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Hearing Awareness Month: Have your ears been tested?

May 15, 2018

If you haven’t had your hearing tested, now is a great time to start. 1 in 5 Canadians have hearing loss and 47% of Canadians with hearing loss are 60 years of age or older.

A senior couple having a conversation.

Spring is finally in the air and with it comes May, Speech and Hearing Awareness month. Many of us take for granted how much we depend on our hearing to navigate through the day. For those with hearing loss, this dependability is all too clear. If you have hearing loss, the resulting effects can have a negative impact on your relationships, your job and even on other aspects of your health.

Here are some facts about hearing loss that may surprise you.


Depression and hearing loss go hand in hand

Hearing loss creates communication difficulties which can cause embarrassment, frustration, and fatigue. Hearing loss can also lead you to avoid conversations, eventually becoming socially isolated. Isolation, in turn, creates feelings of loneliness, misunderstanding and depression.


Most Canadians with hearing loss are not aware of their hearing problems

The Canadian Health Measures Survey of 2012 and 2013 found that 70% of adults with measured hearing loss, despite receiving regular health check-ups from medical professionals, left their doctor’s offices undiagnosed. Just as you have a separate appointment for your eyes, a thorough hearing evaluation by a hearing healthcare professional can help identify and treat hearing loss sooner. In fact, because the prevalence of hearing loss increases as we age, our hearing should be checked annually after the age of 60.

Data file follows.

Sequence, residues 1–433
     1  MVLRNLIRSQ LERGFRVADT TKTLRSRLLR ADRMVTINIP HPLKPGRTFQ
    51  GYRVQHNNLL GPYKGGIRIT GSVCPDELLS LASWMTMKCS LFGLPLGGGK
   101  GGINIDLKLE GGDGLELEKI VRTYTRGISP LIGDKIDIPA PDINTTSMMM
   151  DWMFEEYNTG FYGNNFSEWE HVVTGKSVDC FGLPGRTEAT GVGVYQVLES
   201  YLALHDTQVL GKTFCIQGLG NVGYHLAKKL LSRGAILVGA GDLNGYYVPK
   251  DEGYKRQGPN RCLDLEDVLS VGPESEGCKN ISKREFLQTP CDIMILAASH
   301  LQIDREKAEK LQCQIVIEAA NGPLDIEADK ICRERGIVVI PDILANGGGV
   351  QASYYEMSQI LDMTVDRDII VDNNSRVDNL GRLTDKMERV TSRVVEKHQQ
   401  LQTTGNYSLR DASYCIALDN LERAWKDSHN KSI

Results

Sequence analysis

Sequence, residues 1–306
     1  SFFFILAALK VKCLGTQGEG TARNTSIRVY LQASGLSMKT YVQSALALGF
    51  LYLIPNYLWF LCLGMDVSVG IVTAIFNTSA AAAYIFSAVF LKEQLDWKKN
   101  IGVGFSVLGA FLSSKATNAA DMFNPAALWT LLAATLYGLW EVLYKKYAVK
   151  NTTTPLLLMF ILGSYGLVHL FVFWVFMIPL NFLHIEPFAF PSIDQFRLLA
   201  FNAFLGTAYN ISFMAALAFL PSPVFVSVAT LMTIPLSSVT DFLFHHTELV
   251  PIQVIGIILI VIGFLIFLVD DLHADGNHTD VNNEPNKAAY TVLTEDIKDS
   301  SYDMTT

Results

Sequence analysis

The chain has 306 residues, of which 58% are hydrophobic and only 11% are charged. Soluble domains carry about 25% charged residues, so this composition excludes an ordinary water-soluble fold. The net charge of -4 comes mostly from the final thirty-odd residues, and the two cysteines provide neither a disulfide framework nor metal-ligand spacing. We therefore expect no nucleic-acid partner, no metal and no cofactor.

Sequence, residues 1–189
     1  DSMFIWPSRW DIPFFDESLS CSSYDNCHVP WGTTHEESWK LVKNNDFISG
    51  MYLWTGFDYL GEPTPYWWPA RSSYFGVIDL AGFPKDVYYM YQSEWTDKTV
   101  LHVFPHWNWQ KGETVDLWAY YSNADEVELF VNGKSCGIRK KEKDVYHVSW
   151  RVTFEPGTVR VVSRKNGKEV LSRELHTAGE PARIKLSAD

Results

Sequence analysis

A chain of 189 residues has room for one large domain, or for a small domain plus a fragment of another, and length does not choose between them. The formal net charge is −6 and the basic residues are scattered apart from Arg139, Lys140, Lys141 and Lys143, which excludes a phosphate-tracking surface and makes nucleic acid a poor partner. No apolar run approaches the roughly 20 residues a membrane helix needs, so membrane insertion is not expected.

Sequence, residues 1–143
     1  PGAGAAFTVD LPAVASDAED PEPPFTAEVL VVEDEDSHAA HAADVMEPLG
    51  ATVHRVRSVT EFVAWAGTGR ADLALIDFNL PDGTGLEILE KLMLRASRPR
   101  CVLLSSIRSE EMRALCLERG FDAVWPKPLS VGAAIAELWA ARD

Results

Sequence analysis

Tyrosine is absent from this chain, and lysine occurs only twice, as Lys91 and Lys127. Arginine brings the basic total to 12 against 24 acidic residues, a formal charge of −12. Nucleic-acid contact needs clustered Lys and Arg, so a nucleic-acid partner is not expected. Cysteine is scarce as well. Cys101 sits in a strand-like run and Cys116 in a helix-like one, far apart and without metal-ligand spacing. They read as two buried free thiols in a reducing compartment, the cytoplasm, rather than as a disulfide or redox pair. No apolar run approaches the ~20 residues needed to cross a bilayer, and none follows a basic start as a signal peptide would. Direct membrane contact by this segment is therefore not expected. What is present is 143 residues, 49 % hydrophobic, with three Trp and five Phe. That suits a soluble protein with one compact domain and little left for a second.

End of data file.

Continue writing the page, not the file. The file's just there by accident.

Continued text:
Hearing loss affects our brain function

Researchers have observed that when hearing loss is present, the parts of our brain that are associated with our hearing shrink. The brain then recruits areas of the brain used for higher decision-making functions to process sound. This compensation, over time, can overload the brain and lead to cognitive decline. Some reports have even correlated hearing loss with dementia.


Hearing aids may help postpone or protect against cognitive decline

Modern hearing aids help our ears work the way they are supposed to. Their ability to amplify sound and provide clarity in noisy environments takes stress off you, your brain and the people you talk to.

If you think you may have hearing loss and would like to consult a hearing professional with a free, no obligation appointment, book a test with preferred partner HearingLife Canada today.